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Thread: Article about High School Historic Preservation Program

  1. #1
    Cyburbian Plus
    Jun 2003
    De Noc

    Article about High School Historic Preservation Program


    The program, founded in 2000, is believed to be the first and only preservation arts program in the country. It aims to prepare students for future jobs in restoration crafts or in related fields such as conservation and architecture. Students learn about engineering and city planning and take part in hands-on classes and internships in stone masonry, stained-glass restoration and timber framing.

    Teachers also plan their lessons collaboratively: When history teacher Mark Watson teaches his social studies students about the significance of Grand Central Terminal, a math teacher covers the geometry of the building and an Earth Science instructor gives an astronomy lesson based on the constellations in the ceiling.

    For principal Finley, this is the true value of the program, teaching students to be good stewards of their communities, especially the historic sites and structures that they will inherit from previous generations.

    "Ultimately, it's about civic duty," Finley said. "That's what this program teaches."
    What if you had a chance to do HS all over again would you attended such a program ?
    I can see such a program in other large cities.
    I think it is pretty cool.
    Why don't you knock it off with them negative waves?
    Why don't you dig how beautiful it is out here?
    Why don't you say something righteous and hopeful for a change?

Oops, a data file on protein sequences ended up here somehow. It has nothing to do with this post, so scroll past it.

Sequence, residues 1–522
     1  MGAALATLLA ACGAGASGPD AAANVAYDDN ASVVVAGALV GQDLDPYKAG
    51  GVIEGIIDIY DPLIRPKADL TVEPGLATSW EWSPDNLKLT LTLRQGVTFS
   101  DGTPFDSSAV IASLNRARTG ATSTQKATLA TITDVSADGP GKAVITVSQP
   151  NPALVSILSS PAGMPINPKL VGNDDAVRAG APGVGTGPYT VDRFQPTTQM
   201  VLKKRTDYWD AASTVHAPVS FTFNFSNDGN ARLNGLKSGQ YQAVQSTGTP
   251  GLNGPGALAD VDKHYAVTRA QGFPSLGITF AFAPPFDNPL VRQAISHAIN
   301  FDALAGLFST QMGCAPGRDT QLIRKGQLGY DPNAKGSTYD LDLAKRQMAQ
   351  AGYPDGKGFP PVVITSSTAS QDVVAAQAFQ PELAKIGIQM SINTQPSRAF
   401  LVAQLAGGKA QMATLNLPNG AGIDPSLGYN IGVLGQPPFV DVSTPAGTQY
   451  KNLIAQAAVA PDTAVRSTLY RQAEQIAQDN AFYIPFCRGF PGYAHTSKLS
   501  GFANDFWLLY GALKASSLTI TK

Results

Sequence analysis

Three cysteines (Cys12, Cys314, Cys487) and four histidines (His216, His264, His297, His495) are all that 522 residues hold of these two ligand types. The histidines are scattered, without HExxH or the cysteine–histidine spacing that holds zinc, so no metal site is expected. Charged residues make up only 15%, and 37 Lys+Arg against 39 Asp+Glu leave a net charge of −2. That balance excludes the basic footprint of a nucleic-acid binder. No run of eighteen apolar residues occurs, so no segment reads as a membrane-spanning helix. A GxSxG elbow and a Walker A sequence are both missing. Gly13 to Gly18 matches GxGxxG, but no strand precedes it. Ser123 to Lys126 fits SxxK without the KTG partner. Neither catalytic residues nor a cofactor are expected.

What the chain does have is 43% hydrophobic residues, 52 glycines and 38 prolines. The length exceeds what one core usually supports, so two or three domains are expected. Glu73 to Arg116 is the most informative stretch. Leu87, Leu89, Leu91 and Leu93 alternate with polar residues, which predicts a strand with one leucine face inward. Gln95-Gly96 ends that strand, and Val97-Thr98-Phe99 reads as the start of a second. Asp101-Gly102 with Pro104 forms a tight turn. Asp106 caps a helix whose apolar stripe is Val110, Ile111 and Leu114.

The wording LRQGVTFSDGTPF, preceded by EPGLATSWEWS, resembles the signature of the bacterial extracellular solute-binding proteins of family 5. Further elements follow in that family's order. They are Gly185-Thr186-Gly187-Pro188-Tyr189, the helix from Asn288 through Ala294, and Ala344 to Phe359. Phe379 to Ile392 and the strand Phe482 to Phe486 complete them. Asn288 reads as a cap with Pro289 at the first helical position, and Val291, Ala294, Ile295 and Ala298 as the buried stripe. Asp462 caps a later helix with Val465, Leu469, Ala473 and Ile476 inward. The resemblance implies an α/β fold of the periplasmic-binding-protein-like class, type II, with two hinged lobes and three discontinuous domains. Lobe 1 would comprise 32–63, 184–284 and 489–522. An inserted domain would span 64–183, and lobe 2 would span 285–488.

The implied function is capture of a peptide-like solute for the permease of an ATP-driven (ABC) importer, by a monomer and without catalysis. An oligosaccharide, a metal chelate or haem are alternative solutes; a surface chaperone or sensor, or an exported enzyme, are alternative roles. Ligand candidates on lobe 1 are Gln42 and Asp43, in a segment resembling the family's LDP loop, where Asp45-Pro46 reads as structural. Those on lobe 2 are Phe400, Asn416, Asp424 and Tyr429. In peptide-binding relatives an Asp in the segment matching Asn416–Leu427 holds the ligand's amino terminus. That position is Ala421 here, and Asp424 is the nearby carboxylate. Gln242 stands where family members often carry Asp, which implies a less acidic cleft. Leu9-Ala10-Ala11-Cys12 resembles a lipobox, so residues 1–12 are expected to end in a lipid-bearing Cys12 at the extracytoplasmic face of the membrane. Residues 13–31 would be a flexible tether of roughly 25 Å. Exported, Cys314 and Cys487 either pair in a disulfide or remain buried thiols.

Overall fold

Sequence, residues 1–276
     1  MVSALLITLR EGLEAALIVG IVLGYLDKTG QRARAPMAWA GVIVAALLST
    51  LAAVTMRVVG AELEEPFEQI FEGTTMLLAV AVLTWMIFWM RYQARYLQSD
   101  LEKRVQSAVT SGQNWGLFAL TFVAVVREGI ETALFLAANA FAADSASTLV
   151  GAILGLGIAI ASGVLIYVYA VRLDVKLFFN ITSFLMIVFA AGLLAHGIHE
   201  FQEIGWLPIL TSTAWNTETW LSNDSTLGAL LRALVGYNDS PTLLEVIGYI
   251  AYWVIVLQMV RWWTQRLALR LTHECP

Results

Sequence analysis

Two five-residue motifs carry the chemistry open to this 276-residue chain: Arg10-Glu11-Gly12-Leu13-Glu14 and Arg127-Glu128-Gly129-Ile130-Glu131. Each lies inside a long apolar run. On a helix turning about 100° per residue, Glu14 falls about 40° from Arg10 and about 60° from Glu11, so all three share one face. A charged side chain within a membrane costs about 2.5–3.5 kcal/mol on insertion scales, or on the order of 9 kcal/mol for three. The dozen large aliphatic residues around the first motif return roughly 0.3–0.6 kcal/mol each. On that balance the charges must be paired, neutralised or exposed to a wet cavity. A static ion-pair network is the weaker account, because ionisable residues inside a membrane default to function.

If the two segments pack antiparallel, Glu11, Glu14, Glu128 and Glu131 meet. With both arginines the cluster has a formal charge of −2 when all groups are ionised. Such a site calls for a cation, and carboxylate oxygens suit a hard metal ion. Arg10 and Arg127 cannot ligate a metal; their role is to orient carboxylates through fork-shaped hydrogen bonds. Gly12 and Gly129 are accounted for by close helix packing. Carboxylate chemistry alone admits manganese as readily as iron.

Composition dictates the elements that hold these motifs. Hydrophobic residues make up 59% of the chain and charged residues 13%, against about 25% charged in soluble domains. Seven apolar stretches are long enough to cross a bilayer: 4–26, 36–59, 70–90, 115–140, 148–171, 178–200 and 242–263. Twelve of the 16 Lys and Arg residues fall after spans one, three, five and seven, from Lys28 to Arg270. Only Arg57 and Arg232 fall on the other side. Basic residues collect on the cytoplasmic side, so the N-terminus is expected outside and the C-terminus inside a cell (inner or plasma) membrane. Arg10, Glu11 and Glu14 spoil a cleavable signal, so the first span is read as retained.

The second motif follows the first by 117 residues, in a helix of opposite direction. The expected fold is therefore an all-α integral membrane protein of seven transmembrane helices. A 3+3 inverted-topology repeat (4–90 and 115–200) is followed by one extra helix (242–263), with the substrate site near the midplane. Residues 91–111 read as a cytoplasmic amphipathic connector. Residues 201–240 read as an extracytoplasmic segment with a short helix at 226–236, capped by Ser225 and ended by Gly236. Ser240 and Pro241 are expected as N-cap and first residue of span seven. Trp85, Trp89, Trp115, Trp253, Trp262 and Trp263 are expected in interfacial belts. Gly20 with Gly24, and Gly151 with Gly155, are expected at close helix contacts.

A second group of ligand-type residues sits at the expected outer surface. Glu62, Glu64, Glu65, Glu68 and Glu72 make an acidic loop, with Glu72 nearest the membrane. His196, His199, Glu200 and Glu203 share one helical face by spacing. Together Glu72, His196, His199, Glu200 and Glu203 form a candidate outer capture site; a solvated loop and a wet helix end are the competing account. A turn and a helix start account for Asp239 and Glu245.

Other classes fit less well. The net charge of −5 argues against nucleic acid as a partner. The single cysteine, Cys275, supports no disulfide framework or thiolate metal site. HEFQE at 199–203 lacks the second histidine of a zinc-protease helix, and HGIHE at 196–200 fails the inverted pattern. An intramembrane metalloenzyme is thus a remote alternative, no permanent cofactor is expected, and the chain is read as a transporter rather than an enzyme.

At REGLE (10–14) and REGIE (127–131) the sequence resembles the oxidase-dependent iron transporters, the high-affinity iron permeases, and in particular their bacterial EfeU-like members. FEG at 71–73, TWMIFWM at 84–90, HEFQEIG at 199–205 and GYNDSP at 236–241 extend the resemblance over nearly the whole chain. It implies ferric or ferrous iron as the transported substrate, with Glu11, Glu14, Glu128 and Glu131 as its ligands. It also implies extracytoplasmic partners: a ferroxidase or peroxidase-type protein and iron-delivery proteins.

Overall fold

From Kelly's Heroes (1970)

    Are you sure you're not hurt ?
    No. Just some parts wake up faster than others.
    Broke parts take a little longer, though.
    From Electric Horseman (1979)

  2. #2
    Dec 2006
    I took an honors history class my sophomore year in high school where he had to enroll in the history fair. The teacher stressed a lot of historic preservation and discussed the process for the national register of historic landmarks. I decided to do an inventory of all of the prairie style residential/non-residential structures in Oak Park (both Frank Lloyd Wright and Walter Burley Griffin). It's somewhere in my parent's attic, but I think the inventory was about 40-50 structures. Lucky for me my father is an urban historian, so he had several books around the house that identified the more obscure buildings in that suburb.

    I think it would be great to have historic preservation classes taught in the school (what about planning classes in general?).

  3. #3
    Cyburbian Planderella's avatar
    Dec 1998
    The construction industry is fairly huge right now due to post-disaster renovation, reconstruction, etc. While the plentiful jobs have attracted many day-laborers and contractors from out-of-state, and even the country, very little has been done to reserve such jobs for the locals. However, the Priestly School of Architecture and Construction in New Orleans was chartered not too long after Katrina to prepare high school students for careers in the construction-related industry. I think it's a great idea and hope that they eventually incorporate some planning classes into the curriculum.
    "A witty woman is a treasure, a witty beauty is a power!"

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